Cyber incidents (39% of responses) ranks as the most important business risk globally in the ninth Allianz Risk Barometer 2020. Awareness of the cyber threat has grown rapidly in recent years, driven by companies increasing reliance on data and IT systems and a number of high-profile incidents. Seven years ago it ranked only 15th with just 6% of responses.

Climate change (#7 with 17%) is one of the biggest climbers globally underlining global warming as increasing concerns for companies and nations.

“The Allianz Risk Barometer 2020 highlights that cyber risk and climate change are two significant challenges that companies need to watch closely in the new decade,” says Joachim Müller, CEO of AGCS. 

“Of course, there are many other damage and disruption scenarios to contend with but if corporate boards and risk managers fail to address cyber and climate change risks this will likely have a critical impact on their companies’ operational performance, financial results and reputation with key stakeholders.

“Preparing and planning for cyber and climate change risks is both a matter of competitive advantage and business resilience in the era of digitalization and global warming.”

More expensive data breaches

In addition to being the top risk globally, cyber incidents is among the top three risks in many of the countries surveyed; in Austria, Belgium, France, India, South Africa, South Korea, Spain, Sweden, Switzerland, the UK and the US it also ranks as the top business risk.

Businesses face the challenge of larger and more expensive data breaches, an increase in ransomware and spoofing incidents, as well as the prospect of privacy-driven fines or litigation after any event. A mega data breach – involving more than one million compromised records – now costs on average US$42 million, up 8% year-on-year. 

Marek Stanislawski, Deputy Global Head of Cyber, AGCS, says: “Incidents are becoming more damaging, increasingly targeting large companies with sophisticated attacks and hefty extortion demands.

“Five years ago, a typical ransomware demand would have been in the tens of thousands of dollars. Now they can be in the millions.”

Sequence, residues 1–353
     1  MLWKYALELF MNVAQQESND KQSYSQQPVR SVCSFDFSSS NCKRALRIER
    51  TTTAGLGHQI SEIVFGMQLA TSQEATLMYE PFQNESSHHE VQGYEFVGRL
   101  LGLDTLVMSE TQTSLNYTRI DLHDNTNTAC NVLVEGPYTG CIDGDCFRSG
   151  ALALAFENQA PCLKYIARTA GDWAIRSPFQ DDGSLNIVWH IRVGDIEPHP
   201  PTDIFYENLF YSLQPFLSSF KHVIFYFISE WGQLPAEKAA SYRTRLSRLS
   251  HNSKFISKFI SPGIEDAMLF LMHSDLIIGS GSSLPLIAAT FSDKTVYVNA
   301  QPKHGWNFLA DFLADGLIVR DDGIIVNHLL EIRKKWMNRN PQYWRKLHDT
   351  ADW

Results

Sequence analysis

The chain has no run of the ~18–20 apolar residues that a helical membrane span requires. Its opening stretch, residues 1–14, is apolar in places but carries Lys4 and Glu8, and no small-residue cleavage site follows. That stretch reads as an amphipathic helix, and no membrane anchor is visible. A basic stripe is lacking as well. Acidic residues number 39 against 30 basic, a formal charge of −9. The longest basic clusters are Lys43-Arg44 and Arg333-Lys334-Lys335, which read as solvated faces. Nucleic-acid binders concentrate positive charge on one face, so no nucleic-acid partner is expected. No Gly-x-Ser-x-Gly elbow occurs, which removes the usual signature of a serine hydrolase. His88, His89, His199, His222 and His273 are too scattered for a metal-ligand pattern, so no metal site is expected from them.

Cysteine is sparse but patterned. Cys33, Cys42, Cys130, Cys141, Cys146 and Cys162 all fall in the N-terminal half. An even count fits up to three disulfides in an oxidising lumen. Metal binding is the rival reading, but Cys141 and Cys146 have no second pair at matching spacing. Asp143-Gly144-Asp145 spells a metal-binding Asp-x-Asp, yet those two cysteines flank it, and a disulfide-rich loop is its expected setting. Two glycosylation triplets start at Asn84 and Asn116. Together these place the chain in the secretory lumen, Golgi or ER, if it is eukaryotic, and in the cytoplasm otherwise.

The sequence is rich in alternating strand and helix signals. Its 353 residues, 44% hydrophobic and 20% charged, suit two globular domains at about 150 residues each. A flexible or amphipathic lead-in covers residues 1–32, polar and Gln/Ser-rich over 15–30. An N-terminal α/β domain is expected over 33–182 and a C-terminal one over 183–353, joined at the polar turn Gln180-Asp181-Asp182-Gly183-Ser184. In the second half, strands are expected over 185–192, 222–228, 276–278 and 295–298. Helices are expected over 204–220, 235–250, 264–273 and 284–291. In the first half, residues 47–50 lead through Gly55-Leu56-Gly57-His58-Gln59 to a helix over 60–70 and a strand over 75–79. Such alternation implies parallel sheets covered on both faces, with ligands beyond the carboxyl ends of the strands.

Extortion demands are just one part of the picture: Companies can suffer major BI losses due to the unavailability of critical data, systems or technology, either through a technical glitch or cyber-attack. 

“Many incidents are the results of human error and can be mitigated by staff awareness trainings which are not yet a routine practice across companies,” says Stanislawski.

Growing awareness of climate impact

Climate change rises to its highest-ever position of seventh and is already in the top three business risks for the Asia-Pacific region overall, driven by risk management experts in countries and territories such as Australia, Hong Kong, India and Indonesia.

An increase in physical losses is the exposure businesses fear most (49% of responses) as rising seas, drier droughts, fiercer storms and massive flooding pose threats to factories and other corporate assets, as well as transport and energy links that tie supply chains together.

Further, businesses are concerned about operational impacts (37%), such as relocation of facilities, and potential market and regulatory impacts (35% and 33%).

Companies may have to prepare for more litigation in future – climate change cases targeting ‘carbon majors’ have already been brought in 30 countries around the world, with most cases filed in the US.

“There is a growing awareness among companies that the negative effects of global warming above two degrees Celsius will have a dramatic impact,” says Chris Bonnet, Head of ESG Business Services at AGCS. 

“Failure to take action will trigger regulatory action and influence decisions from customers, shareholders and business partners. Ignoring climate risk is more costly than grappling with it.

“Therefore, every company has to define its role, stance and pace for its climate change transition – and risk managers need to play a key role in this process alongside other functions.” 

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